Mountaintop Motel Massacre
|Mountaintop Motel Massacre|
Original poster, as Mountaintop Motel
|Directed by||Jim McCullough Sr.|
|Produced by||Jim McCullough Sr.|
|Written by||Jim McCullough Sr.|
|Music by||Ron Di Iulio|
|Cinematography||Joseph M. Wilcots|
|Edited by||Mindy Daucus|
|Distributed by||New World Pictures|
Mountaintop Motel Massacre (originally released under the titles Mountaintop Motel and Horrors at Mountaintop Motel)[a] is a 1983 American independent horror film written and directed by Jim McCullough Sr. and starring Anna Chappell, Bill Thurman, and Amy Hill. The plot concerns a psychotic elderly woman who, after being freed from incarceration, returns to the motel she ran and begins murdering the guests.
Filmed in 1983, Mountaintop Motel Massacre was not given a wide theatrical release until 1986 when it was bought for distribution by Roger Corman's film company, New World Pictures. Although the film received negative critical reception upon its theatrical release, it has, in later years, been noted for its offbeat atmosphere, and has been referred to as an "early 1980s drive-in gem."
In rural Louisiana in 1981, Evelyn, who has recently been released from a psychiatric institution, finds her daughter Lorie practicing witchcraft in their basement. This causes her to have a mental breakdown, and she stabs Lorie to death. She manages to convince the authorities that she had nothing to do with her daughter's death, though suspicion looms over her. Adjacent to her home is the Mountaintop Motel, a group of outdoor cabins that Evelyn rented out as motel rooms prior to her institutionalization.
One morning, Reverend Bill McWiley arrives at the property and rents one of the rooms. Shortly after, a man named Robin Crewshaw arrives and also takes a room; the two men converse about the rundown state of the cabins and share a drink. Meanwhile, newlyweds Vernon and Mary are passing through on a road trip, and rent a cabin. At nightfall on the nearby highway, cousins Prissy and Tanya have their car breakdown en route to Nashville, and are picked up by Al, a lascivious man who pretends to be a record producer in hopes of bedding both of the women. They also arrive at the motel, finding driving conditions unsafe due to a torrential rainstorm.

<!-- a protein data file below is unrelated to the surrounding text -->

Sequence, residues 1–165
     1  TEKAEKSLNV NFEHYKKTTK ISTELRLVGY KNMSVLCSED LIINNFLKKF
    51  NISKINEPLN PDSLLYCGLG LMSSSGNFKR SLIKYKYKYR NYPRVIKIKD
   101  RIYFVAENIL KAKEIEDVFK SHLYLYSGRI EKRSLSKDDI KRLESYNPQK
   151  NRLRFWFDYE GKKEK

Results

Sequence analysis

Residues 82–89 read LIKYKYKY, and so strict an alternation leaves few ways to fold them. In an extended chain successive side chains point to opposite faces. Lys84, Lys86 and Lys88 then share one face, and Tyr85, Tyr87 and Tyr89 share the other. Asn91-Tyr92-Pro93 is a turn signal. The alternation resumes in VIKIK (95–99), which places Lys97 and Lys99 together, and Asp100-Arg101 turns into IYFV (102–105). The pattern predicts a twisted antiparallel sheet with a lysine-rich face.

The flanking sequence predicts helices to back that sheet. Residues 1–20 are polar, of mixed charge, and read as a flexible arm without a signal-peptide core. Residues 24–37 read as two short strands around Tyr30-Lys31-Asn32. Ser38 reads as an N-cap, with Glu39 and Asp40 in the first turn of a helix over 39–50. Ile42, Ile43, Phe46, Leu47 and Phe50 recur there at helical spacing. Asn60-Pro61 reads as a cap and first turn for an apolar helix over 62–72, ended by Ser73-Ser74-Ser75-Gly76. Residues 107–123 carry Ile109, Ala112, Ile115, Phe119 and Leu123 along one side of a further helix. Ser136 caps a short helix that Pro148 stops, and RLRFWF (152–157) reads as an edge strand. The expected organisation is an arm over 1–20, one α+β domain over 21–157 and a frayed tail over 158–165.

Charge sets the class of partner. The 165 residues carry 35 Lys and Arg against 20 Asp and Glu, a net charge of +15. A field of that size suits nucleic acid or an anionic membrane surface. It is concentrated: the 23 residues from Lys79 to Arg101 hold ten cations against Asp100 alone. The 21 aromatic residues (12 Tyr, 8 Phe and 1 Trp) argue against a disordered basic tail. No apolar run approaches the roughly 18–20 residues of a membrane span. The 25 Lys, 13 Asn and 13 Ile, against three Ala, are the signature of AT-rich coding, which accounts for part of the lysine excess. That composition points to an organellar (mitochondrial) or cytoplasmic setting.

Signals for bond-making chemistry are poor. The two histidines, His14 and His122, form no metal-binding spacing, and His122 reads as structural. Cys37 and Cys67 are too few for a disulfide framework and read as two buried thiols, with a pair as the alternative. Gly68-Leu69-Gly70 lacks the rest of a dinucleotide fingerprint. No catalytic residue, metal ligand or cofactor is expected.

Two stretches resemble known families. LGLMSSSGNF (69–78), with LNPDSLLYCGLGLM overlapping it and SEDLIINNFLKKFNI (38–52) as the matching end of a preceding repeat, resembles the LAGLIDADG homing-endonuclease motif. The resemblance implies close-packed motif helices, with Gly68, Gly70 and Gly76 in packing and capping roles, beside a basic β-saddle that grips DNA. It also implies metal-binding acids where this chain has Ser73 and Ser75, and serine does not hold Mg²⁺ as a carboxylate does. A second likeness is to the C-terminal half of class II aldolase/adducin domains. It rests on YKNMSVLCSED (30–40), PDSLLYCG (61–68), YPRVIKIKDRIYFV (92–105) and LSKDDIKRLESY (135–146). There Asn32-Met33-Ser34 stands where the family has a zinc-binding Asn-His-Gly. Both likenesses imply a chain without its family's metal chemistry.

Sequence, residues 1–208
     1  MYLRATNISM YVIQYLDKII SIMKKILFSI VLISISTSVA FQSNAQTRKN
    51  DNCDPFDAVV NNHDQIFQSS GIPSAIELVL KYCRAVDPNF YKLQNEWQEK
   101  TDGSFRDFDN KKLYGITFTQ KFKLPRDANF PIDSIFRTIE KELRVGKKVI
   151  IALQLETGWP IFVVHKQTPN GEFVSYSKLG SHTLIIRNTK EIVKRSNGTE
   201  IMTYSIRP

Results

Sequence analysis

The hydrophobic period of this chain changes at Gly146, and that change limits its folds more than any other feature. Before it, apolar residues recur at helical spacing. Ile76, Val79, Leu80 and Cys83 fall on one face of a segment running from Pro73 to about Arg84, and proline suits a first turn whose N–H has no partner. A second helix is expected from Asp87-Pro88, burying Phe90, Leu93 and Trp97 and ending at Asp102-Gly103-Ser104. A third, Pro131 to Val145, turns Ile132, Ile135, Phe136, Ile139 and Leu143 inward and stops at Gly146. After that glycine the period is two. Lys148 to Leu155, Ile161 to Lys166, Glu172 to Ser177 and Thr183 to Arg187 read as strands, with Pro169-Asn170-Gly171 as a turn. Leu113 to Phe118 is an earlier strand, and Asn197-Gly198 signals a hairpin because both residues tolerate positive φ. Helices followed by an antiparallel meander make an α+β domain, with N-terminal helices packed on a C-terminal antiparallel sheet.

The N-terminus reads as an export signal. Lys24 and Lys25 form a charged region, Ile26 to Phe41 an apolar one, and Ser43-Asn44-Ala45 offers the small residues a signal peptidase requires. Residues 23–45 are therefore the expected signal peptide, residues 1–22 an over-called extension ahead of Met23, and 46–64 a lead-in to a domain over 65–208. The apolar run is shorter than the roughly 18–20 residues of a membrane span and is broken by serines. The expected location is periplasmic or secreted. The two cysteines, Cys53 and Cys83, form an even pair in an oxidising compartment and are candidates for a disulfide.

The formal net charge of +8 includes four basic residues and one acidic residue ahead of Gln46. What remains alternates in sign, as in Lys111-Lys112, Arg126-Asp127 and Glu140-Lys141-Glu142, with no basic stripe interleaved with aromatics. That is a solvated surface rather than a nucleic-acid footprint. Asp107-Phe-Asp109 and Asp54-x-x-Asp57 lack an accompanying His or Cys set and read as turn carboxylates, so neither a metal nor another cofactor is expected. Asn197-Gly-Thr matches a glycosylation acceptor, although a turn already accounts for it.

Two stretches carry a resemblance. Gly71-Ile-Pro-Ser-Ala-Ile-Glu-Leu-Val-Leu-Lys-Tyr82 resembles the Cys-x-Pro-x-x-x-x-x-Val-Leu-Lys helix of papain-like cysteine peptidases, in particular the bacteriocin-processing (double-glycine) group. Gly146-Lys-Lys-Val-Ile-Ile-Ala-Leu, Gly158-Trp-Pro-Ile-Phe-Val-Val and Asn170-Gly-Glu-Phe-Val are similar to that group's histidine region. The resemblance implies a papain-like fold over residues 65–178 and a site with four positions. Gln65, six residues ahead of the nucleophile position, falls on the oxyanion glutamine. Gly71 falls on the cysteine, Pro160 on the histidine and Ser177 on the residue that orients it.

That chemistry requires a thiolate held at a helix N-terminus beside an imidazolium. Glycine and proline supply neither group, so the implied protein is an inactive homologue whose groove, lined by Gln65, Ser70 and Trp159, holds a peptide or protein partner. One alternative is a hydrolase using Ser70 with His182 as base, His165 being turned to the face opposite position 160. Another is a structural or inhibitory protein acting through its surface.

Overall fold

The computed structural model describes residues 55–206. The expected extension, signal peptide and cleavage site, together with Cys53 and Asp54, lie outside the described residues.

While Vernon and Mary have sex, Vernon is bitten by a snake that Evelyn planted in the room. Mary attempts to locate a phone in the front office, but Evelyn tells her it is out of order. Al, who is at the desk paying for his room, offers to use his car phone to call the police for the couple, hoping to get an ambulance. Meanwhile, the various guests have trouble sleeping in their rooms: Reverend McWiley, passed out from drinking, is awoken by rats crawling on his bed, and Crewshaw awakens to cockroaches crawling on his body. Back in her room, Mary nurses Vernon, who grows progressively ill.
Meanwhile, Al attempts to initiate sex with Tanya and Prissy, but the girls lock themselves in the bathroom and argue over his claims of being a record producer. Tanya tells Prissy she is willing to sleep with him if it will result in a record deal, and she begins to have sex with Vernon while Prissy remains in the bathroom. Evelyn enters the bathroom through a trapdoor in the floor connected to a network of underground tunnels and slashes Prissy's throat with a sickle. Startled by the noise, Tanya opens the bathroom door, and finds the room covered in blood, but Prissy gone. Al notifies Mary, Reverend McWiley, and Crewshaw of Prissy's disappearance. Crewshaw inadvertently uncovers the trapdoor in the bathroom; with Al, they attempt to locate Evelyn, but find her absent from the main office. Meanwhile, Evelyn breaches Mary and Vernon's room; with the sickle, she impales Mary through the face, and then slashes Vernon's throat as he lies helplessly in the bed. Al and Crewshaw hear the commotion outside and find the bodies in the room while Evelyn retreats into the tunnels via a trapdoor.